Company policy also comes into play. Employees must observe whether a Singapore-based company, for example, has decided to abide by Singapore’s labor law, which does not guarantee severance payment. It is a norm for companies to follow the employment policy of its company of origin.
(Editing by Willis Wee, Steven Millward, and Paul Bischoff)
Unedited full statement from Alvin Yap:
I understand the contents of my routine sharing intended for a group of 50+ would-be entrepreneurs from Founder Institute has generated much comments and I’ll like to clarify that it was not meant to generate publicity nor is it an official statement towards any TMG activities.
TMG is a startup and we are always learning. We recently had to undergo a major re-org to focus on key projects while reducing investment in some low-impact ones; this unfortunately meant that some staff had to be laid off. This decision was difficult but necessary for TMG to fulfill its full potential.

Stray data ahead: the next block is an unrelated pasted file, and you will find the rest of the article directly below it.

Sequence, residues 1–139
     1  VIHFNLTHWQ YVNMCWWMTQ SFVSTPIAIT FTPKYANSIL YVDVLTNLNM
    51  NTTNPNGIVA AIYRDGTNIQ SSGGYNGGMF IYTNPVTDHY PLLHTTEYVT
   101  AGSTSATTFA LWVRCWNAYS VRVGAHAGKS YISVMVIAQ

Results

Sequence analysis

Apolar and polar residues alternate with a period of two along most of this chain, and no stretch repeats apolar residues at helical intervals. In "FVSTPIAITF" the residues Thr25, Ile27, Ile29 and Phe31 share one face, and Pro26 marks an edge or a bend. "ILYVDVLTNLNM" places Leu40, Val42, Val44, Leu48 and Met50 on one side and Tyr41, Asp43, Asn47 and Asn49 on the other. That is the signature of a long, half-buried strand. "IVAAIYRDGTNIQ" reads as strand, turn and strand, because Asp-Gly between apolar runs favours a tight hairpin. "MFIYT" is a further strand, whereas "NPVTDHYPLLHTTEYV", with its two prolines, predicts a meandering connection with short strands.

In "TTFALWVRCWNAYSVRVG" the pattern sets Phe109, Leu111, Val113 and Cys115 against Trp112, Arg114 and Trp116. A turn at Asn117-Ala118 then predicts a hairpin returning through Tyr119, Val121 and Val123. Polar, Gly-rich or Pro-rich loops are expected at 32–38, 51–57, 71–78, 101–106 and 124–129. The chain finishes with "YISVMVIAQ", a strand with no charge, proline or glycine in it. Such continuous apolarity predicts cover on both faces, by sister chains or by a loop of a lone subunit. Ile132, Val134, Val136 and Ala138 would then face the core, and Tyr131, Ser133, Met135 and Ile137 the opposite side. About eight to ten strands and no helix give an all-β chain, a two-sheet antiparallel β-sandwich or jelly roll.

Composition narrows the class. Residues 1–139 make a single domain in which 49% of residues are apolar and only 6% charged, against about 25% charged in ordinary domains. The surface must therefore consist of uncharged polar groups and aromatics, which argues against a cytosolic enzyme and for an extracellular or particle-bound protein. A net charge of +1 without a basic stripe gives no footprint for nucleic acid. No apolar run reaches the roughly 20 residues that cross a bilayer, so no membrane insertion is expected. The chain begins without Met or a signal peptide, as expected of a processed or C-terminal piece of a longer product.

I understand and am sorry for all who have been hurt by this decision. As a company we have compensated them beyond our legal obligations and to the best of our abilities; we are more than willing to help wherever we can to support them in securing new opportunities.
As CEO of a startup we often have to make unpopular and tough decisions like this. I am grateful to everybody who continues to believe and contribute to our vision. We will learn from this painful lesson to become better leaders and a better company.